Now lets examine what little bits we can, of the just launched bandstocks offering. As with both other models you have to sign up online and create an artist page. It is submitted to the site for AnR approval, only if the project is approved does it go onto the voting stage (projects usually stay in this stage for 60 days). Bandstocks then offer to raise a fund for your album. In return the artist grants limited recording rights, yet no publishing, touring or merchandising rights and again projects usually stay within this stage for 60 days.

Bandstocks help the artist when the album goes into production but leave artists with complete creative and marketing control. The next stage is releasing the record, the artist also has approval over the distributor and the album is released physically and in digital format. What I like about this model is that the fund bandstocks develop for the artist is non-recoupable an also non-deductible and the artist ends up with 50% of net receipts. Artists also receives their album copyright back 5 years after release. In return investors get a copy of the album and credit on the album sleeve, and special access privileges (although these are not guaranteed). The bandstocks site just state that fans/investors get a share of all net receipts but does not provide an actually percentage in number terms.

Overall I view bandstocks as the best model for artists in terms of commitment and overall payback. However due to its non-transparent AnR approval stage it may not be viable for all artists. On the flip side many will argue that this will help filter out the “crap” and in all honesty I have no quibble with that. From a proven and delivered standpoint sellaband has had over 23 artists reach the funding stage and go on to record an album. Both slicethepie and bandstocks are yet to be proven in terms of both global success and longetivity when compared to sellaband at this point in time.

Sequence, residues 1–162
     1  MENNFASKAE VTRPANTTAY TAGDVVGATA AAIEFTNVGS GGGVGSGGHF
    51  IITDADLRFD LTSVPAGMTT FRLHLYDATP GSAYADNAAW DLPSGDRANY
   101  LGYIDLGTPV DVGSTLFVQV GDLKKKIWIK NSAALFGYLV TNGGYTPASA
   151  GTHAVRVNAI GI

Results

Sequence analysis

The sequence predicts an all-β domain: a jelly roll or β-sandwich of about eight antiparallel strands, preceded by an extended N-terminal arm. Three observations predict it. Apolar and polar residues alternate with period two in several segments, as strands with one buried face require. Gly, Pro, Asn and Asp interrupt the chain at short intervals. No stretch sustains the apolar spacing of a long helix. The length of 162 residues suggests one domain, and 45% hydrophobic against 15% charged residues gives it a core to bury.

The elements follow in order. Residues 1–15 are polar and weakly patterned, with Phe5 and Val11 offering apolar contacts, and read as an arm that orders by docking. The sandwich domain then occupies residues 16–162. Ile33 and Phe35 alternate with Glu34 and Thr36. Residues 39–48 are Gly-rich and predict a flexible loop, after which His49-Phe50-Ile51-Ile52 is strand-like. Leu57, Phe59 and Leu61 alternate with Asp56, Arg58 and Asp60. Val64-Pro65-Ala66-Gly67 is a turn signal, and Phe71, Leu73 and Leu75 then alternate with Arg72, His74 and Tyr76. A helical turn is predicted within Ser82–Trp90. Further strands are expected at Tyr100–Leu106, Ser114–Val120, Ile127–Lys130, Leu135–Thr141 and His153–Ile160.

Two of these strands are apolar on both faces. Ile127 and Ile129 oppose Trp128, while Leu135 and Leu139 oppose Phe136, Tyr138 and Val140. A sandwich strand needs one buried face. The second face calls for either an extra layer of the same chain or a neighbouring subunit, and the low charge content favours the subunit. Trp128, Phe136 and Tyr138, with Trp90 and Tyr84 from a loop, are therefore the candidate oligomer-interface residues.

The leading question though, is can traditional record labels compete with these types of revenue splits and copyright reverting back to the artist? At present most artists signed to a major label receive between 16 – 20% royalties before deductions, and never own the copyright in the sound recording. Is it even viable for labels to try and compete on these royalty levels and copyright ownership issues? In my mind these new models do not necessarily threaten labels current dominance of the recorded music industry, however they do drive home the point that labels need to become more transparent in terms of payments to their artists.

Sellaband actively states it is open to labels signing artists who have made it through its model to funding. Overall I view both sellaband and slicethepie as propositions from which artists can grow and if they so decide sign to a label, as long as they are prepared for the lower payback in terms of record sales splits. Whereas I view bandstocks as a model that already established artists will utilise when leaving a major or indie label.